WORCESTER — As the “cold-hearted orb” ruled the night sky outside, The Moody Blues ruled inside The Hanover Theatre for the Performing Arts.
Touring behind the 45th anniversary of “Days of Future Passed” (the groundbreaking symphony-rock album that gave the world “Nights in White Satin” and “Tuesday Afternoon”), The Moody Blues (now consisting of singer-guitarist Justin Hayward, singer-bassist John Lodge and drummer Graeme Edge) treated a packed house of baby boomers Friday night to a stellar, two-hour, 20-song set (plus a one-song encore).
Edge, 71, is the only original Moody Blues member left — long-standing members Hayward, 65, and Lodge, 66, joined the Moodys in 1966, two years after the band’s formation. Joining the three core members were flutist, guitarist and harmonizing vocalist Norda Mullen; keyboardist, guitarist and harmonizing vocalist Julie Ragins; organist and keyboardist Alan Hewitt and drummer Gordon Marshall, all of whom fleshed out the songs with full-bodied arrangements.
With the musical greeting “long time no see,” Hayward and Lodge traded off lead vocals and shared impeccable harmonies on the evening opener, “Gemini Dream” from The Moodys’ 1981 chart-topping comeback album “Long Distance Voyager.”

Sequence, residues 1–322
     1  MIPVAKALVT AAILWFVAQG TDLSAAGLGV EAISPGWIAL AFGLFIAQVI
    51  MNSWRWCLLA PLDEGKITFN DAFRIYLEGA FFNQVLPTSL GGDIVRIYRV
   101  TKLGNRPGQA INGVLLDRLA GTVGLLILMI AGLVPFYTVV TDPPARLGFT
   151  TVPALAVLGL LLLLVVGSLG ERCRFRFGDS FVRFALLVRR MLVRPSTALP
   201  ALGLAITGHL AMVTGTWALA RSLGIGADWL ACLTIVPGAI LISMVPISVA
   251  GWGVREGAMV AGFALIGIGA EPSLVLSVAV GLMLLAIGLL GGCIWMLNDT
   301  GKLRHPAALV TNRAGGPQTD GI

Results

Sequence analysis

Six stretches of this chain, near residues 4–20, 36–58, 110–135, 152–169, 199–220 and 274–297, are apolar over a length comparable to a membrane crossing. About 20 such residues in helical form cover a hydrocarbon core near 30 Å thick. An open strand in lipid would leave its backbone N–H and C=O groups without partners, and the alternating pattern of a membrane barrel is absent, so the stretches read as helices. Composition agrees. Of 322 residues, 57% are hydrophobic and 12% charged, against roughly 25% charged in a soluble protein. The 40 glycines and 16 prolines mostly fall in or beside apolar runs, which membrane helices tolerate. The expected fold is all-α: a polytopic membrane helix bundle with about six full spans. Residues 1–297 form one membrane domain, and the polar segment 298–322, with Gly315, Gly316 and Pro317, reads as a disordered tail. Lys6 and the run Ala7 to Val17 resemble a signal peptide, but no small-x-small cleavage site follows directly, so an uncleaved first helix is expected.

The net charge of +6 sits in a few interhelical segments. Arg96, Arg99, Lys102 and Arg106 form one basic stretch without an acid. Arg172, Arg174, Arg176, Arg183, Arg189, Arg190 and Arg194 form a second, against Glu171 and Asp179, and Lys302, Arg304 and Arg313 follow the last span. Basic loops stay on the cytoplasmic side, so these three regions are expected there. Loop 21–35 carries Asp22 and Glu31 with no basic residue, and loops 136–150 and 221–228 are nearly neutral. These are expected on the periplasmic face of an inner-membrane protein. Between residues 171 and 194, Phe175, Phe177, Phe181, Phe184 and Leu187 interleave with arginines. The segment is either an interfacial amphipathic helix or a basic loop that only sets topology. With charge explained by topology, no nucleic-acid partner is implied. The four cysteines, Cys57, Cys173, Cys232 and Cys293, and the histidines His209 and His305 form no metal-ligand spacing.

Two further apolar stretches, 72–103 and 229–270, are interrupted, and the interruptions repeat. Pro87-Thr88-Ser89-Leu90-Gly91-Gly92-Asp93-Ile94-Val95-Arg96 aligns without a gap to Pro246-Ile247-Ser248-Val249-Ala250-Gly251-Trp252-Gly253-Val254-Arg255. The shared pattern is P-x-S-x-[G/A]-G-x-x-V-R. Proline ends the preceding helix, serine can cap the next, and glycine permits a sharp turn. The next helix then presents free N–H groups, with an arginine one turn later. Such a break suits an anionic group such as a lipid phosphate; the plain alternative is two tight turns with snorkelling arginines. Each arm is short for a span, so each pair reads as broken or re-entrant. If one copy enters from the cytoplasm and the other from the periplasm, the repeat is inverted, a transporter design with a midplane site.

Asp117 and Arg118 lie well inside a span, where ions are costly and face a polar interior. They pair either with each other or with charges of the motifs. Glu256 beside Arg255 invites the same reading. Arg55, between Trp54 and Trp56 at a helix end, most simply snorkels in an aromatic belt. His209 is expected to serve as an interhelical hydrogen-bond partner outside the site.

Hayward, wearing a black mock turtleneck, faded jeans and white loafers, belted out “The Voice” (also from “Long Distance Voyager”) in a voice still as soothing and as familiar as an old friend, and romantically crooned the bittersweet opus, “The Day We Meet Again” (from 1978’s “Octave”).
Not to be outdone, the all-in-black Lodge, the other singer and lyricist for the group, led the brigade on the lively and jaunty “Stepping in a Slide Zone” (also from “Octave”), which shook any potential dust off the Moody Blues’ catalog.